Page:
ARGENTINA has given its sternest warning yet that British oil explorers in the Falklands are no longer welcome in what it claims as its sovereign territory – but the UK government says it will back companies’ right to drill.
Argentine foreign minister Hector Timerman (pictured) called the activities “illegal” and “illegitimate” at a news conference yesterday. He said Argentina will bring civil and criminal charges in order to “sanction the companies involved”.
It is not clear whether Timerman’s threats includes banks and other firms linked to the four London-listed companies currently operating in the Falklands – Rockhopper, Desire Petroleum, Borders & Southern and Falkland Oil & Gas.
RBS, Lloyds, HSBC and Barclays are all involved in financing the Aim-listed firms, which have been among the most hotly-tipped stocks in recent years as investors pin hopes on a lucrative oil discovery amid dwindling global supplies.
Relations between the UK and Argentina have deteriorated again in recent months over who should control the area, with the 30th anniversary of the 1982 war being used by both sides to bolster their claims of sovereignty.
Sources close to several firms with links to the Falklands said they had no plans to change course in response to the threats, with one referring to Timerman’s statement as “just more rhetoric”.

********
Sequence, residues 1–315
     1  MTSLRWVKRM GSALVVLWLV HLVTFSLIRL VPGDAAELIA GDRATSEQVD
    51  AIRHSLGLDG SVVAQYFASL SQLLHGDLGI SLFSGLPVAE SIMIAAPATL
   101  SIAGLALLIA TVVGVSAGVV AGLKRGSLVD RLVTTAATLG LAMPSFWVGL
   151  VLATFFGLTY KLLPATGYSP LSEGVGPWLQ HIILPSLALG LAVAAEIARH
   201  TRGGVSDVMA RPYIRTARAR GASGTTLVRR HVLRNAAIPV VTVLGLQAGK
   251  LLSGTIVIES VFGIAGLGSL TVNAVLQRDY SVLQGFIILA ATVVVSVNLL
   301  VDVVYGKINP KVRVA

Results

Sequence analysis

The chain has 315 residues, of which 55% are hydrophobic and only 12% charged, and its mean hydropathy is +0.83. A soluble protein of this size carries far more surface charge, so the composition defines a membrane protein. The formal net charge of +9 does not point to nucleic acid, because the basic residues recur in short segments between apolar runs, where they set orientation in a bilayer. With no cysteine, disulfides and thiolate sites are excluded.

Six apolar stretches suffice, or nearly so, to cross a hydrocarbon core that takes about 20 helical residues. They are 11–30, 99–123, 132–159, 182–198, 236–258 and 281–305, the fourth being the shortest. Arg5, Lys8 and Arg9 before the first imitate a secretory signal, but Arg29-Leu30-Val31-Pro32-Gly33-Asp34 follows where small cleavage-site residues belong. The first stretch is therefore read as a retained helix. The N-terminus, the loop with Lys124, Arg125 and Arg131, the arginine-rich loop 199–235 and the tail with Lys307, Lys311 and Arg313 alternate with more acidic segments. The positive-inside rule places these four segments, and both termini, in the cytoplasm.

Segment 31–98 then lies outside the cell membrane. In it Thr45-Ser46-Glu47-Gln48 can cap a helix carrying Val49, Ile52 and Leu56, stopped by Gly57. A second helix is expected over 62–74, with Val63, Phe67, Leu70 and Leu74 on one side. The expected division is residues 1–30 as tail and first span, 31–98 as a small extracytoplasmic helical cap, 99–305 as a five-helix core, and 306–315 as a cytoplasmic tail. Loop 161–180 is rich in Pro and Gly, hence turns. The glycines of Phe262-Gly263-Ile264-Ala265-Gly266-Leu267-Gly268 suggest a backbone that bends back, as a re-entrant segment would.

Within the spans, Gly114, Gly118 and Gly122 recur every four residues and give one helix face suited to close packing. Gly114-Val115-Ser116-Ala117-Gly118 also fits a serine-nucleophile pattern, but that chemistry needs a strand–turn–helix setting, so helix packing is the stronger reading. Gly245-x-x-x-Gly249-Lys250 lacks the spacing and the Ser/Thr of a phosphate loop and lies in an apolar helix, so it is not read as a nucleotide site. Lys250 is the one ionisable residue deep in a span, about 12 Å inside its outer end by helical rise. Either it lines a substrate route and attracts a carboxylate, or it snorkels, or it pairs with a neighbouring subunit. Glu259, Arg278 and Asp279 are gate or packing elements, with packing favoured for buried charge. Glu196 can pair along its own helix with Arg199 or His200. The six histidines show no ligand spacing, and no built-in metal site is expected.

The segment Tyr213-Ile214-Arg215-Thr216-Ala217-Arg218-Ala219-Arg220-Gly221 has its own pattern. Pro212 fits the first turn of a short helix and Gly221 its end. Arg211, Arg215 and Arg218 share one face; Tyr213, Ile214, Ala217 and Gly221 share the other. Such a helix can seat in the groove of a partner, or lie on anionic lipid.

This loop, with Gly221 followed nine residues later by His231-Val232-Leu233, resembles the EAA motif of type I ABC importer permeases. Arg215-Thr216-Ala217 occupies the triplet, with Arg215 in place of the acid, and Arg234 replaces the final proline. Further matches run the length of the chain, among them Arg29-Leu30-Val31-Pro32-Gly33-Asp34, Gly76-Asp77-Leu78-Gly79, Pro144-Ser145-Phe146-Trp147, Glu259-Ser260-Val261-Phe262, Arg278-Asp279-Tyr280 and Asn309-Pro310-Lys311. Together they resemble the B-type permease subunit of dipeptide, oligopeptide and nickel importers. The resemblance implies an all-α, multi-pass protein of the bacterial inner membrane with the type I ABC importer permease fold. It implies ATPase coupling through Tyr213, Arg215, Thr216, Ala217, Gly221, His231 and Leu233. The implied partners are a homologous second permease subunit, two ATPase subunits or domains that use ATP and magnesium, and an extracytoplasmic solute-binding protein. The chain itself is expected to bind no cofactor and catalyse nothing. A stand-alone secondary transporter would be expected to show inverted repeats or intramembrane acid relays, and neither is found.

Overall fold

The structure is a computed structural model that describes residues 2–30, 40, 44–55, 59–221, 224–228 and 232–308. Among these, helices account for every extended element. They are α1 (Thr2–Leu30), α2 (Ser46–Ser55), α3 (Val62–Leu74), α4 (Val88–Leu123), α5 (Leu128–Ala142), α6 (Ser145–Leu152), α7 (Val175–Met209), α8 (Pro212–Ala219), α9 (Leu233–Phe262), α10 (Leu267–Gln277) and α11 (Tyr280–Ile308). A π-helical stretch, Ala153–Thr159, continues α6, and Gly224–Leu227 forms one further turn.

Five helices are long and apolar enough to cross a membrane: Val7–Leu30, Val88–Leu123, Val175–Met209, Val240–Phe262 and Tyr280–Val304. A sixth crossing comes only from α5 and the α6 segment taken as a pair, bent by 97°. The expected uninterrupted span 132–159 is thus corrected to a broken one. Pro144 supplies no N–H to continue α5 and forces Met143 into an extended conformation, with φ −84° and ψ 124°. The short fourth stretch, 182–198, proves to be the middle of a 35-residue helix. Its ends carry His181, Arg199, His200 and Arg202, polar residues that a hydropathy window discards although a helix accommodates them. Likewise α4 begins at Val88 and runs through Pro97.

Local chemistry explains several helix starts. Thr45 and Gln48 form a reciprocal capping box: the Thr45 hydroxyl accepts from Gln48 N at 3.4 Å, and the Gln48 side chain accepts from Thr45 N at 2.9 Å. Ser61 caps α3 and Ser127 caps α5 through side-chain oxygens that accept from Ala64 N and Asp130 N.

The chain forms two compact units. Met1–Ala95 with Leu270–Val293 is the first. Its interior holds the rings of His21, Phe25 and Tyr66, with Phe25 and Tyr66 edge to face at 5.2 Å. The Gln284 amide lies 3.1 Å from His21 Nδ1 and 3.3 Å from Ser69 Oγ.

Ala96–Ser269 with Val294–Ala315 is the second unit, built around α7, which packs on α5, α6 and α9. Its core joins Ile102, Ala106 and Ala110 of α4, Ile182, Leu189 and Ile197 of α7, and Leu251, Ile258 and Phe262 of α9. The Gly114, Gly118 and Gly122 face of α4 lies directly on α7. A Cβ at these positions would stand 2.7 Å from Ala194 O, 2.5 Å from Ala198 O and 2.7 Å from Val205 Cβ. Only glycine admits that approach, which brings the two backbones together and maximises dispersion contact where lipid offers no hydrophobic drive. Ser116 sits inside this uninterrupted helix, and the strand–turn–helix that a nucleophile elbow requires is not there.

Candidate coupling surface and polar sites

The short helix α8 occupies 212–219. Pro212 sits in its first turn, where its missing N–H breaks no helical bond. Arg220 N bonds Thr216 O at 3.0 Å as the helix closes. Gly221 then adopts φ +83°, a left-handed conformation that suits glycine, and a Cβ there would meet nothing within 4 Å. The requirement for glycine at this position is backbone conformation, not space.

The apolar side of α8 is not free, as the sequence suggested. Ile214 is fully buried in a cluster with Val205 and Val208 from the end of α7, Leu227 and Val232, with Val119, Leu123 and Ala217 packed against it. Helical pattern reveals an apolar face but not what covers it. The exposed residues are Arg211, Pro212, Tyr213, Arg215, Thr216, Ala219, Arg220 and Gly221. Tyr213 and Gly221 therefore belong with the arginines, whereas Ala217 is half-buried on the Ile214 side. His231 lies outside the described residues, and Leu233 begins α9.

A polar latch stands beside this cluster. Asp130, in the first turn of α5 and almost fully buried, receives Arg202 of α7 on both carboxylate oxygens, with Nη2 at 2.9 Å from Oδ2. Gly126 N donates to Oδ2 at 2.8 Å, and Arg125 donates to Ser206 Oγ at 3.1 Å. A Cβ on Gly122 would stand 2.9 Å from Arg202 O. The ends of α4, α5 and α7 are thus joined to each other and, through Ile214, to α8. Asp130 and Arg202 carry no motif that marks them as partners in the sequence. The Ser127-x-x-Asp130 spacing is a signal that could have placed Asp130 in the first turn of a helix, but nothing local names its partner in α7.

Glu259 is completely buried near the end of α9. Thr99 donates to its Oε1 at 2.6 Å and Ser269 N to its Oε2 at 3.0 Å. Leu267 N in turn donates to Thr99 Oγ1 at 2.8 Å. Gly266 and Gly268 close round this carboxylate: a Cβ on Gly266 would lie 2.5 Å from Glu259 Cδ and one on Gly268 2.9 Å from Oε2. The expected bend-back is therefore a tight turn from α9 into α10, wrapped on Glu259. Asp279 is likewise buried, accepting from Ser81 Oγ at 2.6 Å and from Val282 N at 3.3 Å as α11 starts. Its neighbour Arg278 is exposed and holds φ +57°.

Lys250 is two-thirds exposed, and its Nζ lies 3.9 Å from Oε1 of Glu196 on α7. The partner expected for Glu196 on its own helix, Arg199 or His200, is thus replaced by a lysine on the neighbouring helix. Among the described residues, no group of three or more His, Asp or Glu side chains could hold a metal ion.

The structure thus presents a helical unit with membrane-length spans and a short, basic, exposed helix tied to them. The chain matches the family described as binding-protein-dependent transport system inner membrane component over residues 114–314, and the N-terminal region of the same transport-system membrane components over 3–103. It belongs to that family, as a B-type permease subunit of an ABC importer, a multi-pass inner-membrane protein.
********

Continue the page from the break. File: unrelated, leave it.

And a spokesman for the UK foreign office said: “Hydrocarbon exploration is a legitimate commercial venture and the British government supports the rights of the Falkland islanders to develop their hydrocarbons sector. This right is an integral part of the right of self-determination, which is expressly contained in the International Covenant on Civil and Political Rights.”
Prime Minister David Cameron is understood to have discussed the Falklands with US President Barack Obama, who has given his support to British sovereignty.
Argentina pulled out of an oil profit sharing agreement with the UK in 2007, claiming that it had sole rights to the proceeds from fuel found in the region.
The Falklands, 400 miles off the South American coast, are home to less than 3,000 people, but dozens of companies have hunted for oil in the area over decades, to the chagrin of Argentinean authorities.
It was only last year that Rockhopper declared that it had found commercial quantities of the fuel.